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In the life-cycle of apicomplexan protozoa, sporozoites are cells that infect new hosts. In the parasites that cause malaria (Plasmodium), for instance, the sporozoites are cells that develop in the mosquito's salivary glands, leave the mosquito during a blood meal, and enter the liver where they multiply. Cells infected with sporozoites eventually burst, releasing merozoites into the bloodstream.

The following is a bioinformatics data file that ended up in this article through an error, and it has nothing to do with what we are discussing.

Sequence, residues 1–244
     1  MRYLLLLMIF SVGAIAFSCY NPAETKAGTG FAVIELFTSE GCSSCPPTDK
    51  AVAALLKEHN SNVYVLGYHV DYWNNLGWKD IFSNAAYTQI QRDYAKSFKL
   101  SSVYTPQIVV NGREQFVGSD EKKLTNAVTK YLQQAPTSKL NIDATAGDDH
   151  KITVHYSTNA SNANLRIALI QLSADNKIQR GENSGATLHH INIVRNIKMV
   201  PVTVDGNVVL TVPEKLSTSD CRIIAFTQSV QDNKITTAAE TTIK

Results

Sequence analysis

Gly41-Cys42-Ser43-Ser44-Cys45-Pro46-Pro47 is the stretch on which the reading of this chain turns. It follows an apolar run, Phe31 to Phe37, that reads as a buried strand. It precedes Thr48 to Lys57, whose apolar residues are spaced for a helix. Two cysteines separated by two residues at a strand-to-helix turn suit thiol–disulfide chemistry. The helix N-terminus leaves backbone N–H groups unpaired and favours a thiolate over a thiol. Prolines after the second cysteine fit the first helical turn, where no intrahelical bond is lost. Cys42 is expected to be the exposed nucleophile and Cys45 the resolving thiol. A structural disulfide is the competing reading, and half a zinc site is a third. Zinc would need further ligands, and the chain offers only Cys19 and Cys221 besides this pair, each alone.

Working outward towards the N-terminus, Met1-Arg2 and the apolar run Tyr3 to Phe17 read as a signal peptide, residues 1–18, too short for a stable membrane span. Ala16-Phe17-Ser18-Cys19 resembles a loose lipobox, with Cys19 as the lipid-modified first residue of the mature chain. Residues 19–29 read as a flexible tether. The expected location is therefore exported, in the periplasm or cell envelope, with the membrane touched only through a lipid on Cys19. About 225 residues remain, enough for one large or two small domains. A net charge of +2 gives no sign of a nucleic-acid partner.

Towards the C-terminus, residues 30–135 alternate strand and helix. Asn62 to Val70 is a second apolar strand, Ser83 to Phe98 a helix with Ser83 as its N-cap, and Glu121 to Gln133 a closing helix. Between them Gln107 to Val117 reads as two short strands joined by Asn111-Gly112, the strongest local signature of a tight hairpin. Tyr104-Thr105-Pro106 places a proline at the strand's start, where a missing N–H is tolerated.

Sporozoites are formed by sporogony, a type of sexual or asexual reproduction by multiple fission of a spore or zygote, characteristic of many sporozoans.

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